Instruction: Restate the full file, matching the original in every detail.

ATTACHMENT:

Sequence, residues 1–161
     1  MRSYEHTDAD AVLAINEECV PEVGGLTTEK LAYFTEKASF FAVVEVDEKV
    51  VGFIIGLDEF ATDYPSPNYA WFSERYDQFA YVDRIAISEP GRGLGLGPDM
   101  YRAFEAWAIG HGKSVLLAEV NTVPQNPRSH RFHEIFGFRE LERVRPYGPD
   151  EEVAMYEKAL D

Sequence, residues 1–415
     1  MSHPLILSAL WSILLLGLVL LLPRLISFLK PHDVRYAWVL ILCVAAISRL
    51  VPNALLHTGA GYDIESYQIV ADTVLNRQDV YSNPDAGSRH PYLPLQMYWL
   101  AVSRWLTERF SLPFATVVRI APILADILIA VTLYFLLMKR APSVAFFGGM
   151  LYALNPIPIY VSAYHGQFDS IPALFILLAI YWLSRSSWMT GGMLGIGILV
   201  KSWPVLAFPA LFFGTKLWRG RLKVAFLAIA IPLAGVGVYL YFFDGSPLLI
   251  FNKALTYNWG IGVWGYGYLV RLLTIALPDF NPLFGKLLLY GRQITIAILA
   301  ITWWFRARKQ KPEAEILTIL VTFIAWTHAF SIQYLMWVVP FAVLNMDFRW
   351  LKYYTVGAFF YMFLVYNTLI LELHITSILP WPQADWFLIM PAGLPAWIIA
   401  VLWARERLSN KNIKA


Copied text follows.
Sequence, residues 1–161
     1  MRSYEHTDAD AVLAINEECV PEVGGLTTEK LAYFTEKASF FAVVEVDEKV
    51  VGFIIGLDEF ATDYPSPNYA WFSERYDQFA YVDRIAISEP GRGLGLGPDM
   101  YRAFEAWAIG HGKSVLLAEV NTVPQNPRSH RFHEIFGFRE LERVRPYGPD
   151  EEVAMYEKAL D

Sequence, residues 1–415
     1  MSHPLILSAL WSILLLGLVL LLPRLISFLK PHDVRYAWVL ILCVAAISRL
    51  VPNALLHTGA GYDIESYQIV ADTVLNRQDV YSNPDAGSRH PYLPLQMYWL
   101  AVSRWLTERF SLPFATVVRI APILADILIA VTLYFLLMKR APSVAFFGGM
   151  LYALNPIPIY VSAYHGQFDS IPALFILLAI YWLSRSSWMT GGMLGIGILV
   201  KSWPVLAFPA LFFGTKLWRG RLKVAFLAIA IPLAGVGVYL YFFDGSPLLI
   251  FNKALTYNWG IGVWGYGYLV RLLTIALPDF NPLFGKLLLY GRQITIAILA
   301  ITWWFRARKQ KPEAEILTIL VTFIAWTHAF SIQYLMWVVP FAVLNMDFRW
   351  LKYYTVGAFF YMFLVYNTLI LELHITSILP WPQADWFLIM PAGLPAWIIA
   401  VLWARERLSN KNIKA